thumbnail Figure 12

Absorption coefficient α and reproduction error ϵ (a), normalized surface impedance zs (b), for the configuration shown in Figure 2 at normal incidence with a = 105 cm, b = 20 cm, Δm = 5 cm, θ = 45°, ϕ = 0°, λ = 10−7, za = 0.5 cm, d = 1.5 cm. ϵth, ϵmeas: λ = 10−7.

5.4 Effect of the incidence angle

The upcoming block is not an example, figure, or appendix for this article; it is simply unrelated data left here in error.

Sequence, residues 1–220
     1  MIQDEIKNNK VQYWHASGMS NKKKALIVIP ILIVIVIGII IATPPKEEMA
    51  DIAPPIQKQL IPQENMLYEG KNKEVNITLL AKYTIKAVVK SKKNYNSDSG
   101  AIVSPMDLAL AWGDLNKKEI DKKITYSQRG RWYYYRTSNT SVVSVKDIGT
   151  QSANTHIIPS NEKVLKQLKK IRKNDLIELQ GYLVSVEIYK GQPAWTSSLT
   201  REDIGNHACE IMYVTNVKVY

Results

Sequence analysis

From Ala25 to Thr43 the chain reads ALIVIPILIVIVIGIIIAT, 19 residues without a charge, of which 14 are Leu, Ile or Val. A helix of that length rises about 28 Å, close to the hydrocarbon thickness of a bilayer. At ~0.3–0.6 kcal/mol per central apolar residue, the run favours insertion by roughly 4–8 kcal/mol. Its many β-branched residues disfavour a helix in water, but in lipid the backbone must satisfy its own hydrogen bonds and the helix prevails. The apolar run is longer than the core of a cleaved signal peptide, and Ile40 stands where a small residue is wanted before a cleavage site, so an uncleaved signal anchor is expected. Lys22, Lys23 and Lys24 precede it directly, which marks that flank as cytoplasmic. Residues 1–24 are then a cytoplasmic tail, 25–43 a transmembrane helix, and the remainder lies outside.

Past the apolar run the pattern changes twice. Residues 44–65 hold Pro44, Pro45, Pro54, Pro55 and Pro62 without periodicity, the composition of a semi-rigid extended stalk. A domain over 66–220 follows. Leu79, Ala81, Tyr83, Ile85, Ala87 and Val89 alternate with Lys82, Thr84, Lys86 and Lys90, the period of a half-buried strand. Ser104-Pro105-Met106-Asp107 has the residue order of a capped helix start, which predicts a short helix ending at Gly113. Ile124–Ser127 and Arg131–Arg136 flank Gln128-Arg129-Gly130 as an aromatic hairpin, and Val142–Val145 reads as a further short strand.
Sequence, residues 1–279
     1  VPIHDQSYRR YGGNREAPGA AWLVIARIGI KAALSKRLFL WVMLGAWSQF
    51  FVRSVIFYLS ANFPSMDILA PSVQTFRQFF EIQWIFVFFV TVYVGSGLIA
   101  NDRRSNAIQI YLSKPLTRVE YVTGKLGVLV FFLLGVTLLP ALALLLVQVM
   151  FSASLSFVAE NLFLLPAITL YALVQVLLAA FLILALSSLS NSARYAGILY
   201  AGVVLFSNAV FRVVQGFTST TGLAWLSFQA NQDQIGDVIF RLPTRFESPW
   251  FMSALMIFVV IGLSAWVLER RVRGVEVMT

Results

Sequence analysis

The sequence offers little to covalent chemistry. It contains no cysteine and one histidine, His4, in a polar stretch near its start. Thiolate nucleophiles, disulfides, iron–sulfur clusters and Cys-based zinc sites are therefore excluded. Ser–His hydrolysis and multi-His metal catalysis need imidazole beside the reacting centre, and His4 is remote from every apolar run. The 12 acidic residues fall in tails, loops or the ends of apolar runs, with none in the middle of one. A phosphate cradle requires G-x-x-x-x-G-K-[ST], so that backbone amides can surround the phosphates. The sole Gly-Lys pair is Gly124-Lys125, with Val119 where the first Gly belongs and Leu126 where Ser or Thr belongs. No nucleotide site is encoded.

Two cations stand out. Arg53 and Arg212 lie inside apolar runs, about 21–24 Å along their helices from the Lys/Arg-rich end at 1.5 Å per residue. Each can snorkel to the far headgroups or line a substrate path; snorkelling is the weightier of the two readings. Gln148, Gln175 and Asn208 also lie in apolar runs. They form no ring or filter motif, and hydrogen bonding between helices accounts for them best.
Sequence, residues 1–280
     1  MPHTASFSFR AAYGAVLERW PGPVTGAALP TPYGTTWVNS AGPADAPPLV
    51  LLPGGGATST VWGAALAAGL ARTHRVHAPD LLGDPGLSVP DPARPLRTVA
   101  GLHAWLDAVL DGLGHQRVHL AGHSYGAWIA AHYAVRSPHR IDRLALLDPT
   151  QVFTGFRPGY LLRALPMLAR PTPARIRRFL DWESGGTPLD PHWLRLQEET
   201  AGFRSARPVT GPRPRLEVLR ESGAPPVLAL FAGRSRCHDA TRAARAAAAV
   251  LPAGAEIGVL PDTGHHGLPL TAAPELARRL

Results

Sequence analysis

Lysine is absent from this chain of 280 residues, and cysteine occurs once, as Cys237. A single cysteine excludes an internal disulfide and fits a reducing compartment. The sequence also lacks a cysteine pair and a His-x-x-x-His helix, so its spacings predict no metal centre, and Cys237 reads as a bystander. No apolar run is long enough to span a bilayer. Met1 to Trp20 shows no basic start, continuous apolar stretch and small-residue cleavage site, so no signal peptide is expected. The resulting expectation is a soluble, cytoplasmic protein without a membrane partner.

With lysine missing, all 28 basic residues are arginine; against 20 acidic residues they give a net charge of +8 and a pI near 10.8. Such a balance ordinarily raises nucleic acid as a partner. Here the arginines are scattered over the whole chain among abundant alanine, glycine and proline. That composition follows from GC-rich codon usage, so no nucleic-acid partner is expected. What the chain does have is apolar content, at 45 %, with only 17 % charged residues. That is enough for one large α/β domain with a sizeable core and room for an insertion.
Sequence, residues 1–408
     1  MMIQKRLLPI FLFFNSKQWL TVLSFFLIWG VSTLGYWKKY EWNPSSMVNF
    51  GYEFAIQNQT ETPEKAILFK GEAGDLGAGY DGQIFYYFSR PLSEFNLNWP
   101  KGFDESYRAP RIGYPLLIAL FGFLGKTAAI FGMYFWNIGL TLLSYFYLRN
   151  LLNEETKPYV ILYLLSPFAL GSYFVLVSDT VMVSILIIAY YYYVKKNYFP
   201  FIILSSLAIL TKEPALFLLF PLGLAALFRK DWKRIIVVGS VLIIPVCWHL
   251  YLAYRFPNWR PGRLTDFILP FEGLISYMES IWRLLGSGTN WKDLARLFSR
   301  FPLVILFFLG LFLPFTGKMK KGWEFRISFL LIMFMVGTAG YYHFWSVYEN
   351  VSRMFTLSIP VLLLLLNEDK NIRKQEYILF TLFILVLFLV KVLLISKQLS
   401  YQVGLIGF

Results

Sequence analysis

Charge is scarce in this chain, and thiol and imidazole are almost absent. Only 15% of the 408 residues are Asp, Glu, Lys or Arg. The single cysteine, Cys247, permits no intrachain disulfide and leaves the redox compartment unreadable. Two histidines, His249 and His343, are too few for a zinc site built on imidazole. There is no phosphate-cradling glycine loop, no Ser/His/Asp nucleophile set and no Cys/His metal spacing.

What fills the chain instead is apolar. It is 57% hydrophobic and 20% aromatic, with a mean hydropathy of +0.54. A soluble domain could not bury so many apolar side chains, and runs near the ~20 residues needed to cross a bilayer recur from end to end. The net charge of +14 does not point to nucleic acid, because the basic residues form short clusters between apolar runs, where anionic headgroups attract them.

Figure 13 shows the sound absorption and normalized surface impedance results for three incidence angles, using the system shown in Figure 2. The obtained results for the sound absorption coefficient are consistent with predictions derived from the JCA model in the 300–2500 Hz frequency band for each incidence angle. Below 300 Hz, discrepancies with the JCA model are noticeable but calculations are based on parameters obtained from impedance tube measurements [26] (i.e. normal incidence, and on a small sample). Possible anisotropy of the material is not taken into account in impedance tube measurements and the trustfulness of the JCA model for large incidence angles is questionable. These reference curves should be taken as guidelines rather than ground truth. It is especially true concerning the surface impedance, for which the JCA model already showed differences with impedance tube results (see Sect. 5.2). It can also be noticed that as the incidence angle increases, oscillations due to unwanted reflections occur in the absorption curves (this is especially noticeable for the 55° incidence). A possible explanation is that when the reproduction of a target sound pressure field with grazing incidence is sought, larger loudspeaker inputs are required (see Sect. 3.2.4). This increase of the mean value and variance of the source amplitudes triggers imperfections in the reproduction system. Indeed, for a similar sound pressure level and for perpendicular incidence, larger source amplitudes will also induce stronger parasitic reflections which will lead to a very limited “error-free” reproduction zone above the control plane (see Sect. 3.1). The reproduction errors at the microphone pair will bias the estimation of the reflection coefficient R. Moreover, R is related to the surface impedance which depends on the perpendicular component of the acoustic velocity. At oblique incidence, the projection of the acoustic velocity onto the normal is small and sensitive to reproduction errors and measurement noise.